National Conservation Council chair Christine Rose-Smyth told Cayman 27 the council has no indication of when a review of the National Conservation Law will take place, and what form it might take.
The law has only been on the books for some ten months, and two days after the ministerial realignment was revealed last month, Premier Alden McLaughlin announced it would go to review.
Two days after the newly-elected ‘Government of National Unity’ revealed its new ministerial portfolios, Premier Alden McLaughlin announced the National Conservation Law, on the books for less than 300 days at the time, would be slated for review.
“We had to read about it in the paper, but I suppose that the talk had been around,” said Ms. Rose-Smyth, who called the National Conservation Law an important milestone for Cayman.
“Does the law need to be revised?” she said. “One end of that argument would be yes it should, to take some of that power away from the government.”
Ms. Rose-Smyth referred to the National Conservation Law’s statutory provisions that place the lion’s share of power in cabinet’s hands.
“They have the ultimate say on how the conservation funds are spent, they have the ultimate say on how most projects that impact on the environment can be developed or not,” she said.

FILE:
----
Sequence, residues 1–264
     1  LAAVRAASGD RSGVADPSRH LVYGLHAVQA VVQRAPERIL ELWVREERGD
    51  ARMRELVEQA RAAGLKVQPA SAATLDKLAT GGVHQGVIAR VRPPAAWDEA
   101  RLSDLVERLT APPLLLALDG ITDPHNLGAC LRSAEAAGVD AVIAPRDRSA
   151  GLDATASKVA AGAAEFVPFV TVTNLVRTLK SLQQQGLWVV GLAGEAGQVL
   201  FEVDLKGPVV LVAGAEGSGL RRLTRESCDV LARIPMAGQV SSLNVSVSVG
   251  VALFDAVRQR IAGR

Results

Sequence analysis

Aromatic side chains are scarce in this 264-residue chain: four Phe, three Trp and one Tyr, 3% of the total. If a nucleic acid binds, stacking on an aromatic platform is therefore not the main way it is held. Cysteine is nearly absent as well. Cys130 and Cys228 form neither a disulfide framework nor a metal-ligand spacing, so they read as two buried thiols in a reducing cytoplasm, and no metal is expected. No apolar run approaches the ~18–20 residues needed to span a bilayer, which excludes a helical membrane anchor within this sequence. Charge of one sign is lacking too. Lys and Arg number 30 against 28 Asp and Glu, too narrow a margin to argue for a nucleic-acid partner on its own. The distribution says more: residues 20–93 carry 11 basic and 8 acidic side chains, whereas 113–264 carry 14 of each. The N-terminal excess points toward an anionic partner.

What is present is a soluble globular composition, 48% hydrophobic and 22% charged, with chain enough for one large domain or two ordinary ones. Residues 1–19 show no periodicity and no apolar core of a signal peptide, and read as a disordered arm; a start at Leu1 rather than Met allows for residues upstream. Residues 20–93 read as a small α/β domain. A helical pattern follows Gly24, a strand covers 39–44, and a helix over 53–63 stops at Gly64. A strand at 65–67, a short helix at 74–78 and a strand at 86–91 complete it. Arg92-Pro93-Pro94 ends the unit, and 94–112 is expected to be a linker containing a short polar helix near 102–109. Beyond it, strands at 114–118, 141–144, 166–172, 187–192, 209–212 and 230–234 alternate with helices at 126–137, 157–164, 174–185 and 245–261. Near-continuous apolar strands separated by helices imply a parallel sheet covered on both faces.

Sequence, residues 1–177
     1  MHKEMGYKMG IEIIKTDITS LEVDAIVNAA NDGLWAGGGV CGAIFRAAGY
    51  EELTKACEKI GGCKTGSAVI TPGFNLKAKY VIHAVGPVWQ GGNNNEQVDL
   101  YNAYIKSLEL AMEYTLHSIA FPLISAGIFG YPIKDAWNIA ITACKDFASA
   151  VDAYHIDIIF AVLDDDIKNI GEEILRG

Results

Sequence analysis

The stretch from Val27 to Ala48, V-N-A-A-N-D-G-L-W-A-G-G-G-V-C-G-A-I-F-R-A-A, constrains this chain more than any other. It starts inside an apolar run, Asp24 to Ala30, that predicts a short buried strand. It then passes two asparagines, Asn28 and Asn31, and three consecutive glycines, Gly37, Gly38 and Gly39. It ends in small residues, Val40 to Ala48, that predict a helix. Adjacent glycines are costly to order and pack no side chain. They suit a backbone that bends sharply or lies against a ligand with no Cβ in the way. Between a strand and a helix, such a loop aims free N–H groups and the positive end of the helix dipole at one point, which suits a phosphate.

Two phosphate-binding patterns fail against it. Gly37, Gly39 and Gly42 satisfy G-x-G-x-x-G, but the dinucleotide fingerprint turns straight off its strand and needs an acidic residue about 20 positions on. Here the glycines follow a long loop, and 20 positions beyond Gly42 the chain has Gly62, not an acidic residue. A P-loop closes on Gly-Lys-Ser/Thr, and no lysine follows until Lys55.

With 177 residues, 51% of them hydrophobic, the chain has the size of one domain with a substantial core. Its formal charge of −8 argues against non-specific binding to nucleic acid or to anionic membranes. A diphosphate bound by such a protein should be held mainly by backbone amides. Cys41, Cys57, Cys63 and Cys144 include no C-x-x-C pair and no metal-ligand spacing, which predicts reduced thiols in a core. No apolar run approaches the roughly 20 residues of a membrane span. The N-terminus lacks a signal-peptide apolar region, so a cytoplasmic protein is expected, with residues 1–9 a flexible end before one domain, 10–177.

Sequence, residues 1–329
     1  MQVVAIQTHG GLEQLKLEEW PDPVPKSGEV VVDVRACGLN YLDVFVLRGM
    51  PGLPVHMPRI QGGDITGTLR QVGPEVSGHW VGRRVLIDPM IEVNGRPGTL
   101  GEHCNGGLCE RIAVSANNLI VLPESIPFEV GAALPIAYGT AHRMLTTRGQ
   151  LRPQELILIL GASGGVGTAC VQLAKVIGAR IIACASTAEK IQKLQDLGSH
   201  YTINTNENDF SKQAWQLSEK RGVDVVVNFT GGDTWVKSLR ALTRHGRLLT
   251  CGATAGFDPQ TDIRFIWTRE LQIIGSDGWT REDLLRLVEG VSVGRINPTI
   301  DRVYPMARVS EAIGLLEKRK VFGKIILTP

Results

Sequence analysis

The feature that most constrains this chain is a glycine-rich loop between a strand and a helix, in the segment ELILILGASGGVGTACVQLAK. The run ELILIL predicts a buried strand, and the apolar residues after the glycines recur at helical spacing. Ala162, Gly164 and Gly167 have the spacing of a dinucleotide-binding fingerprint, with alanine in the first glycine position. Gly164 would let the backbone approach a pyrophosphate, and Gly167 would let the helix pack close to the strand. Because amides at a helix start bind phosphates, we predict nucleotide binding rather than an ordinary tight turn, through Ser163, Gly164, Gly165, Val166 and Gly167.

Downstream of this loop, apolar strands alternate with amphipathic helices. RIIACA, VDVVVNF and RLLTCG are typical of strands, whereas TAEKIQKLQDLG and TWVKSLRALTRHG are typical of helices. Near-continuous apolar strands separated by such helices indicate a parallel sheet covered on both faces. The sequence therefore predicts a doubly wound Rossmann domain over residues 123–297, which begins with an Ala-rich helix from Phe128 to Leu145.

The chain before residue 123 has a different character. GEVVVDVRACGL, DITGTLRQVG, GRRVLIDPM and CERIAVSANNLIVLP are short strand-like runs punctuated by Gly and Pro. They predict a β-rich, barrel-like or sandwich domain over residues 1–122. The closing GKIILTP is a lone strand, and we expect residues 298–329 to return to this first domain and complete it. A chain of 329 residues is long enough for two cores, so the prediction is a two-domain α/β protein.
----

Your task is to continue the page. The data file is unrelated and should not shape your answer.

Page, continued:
Ms. Rose-Smyth told Cayman 27 she hopes a review will include an element of public consultation, and that government will also seek to review the National Development Plan.
“If the Conservation Law is coming under review, then I firmly believe that the National Development Plan (1997), that is supposed to be reviewed every five years and there’s been a lot of Information or knowledge coming out about the fact that it hasn’t been reviewed for practically since it was put into place, if at all,” said Ms. Rose-Smyth.
She told Cayman 27 the issues surrounding conservation, development, and the delicate balance between the two are all intertwined.
“We have made steps towards climate change plans, national energy policy plans. Those are fantastic,” she said. “It’s important to bring that National Development Plan, if it’s kicking and screaming, into the same arena.”
Ms. Rose-Smyth says the council has yet to meet with newly-appointed environment minister Dwayne Seymour.
Cayman 27 reached out to the premier for a timetable on the review but have not heard back as yet.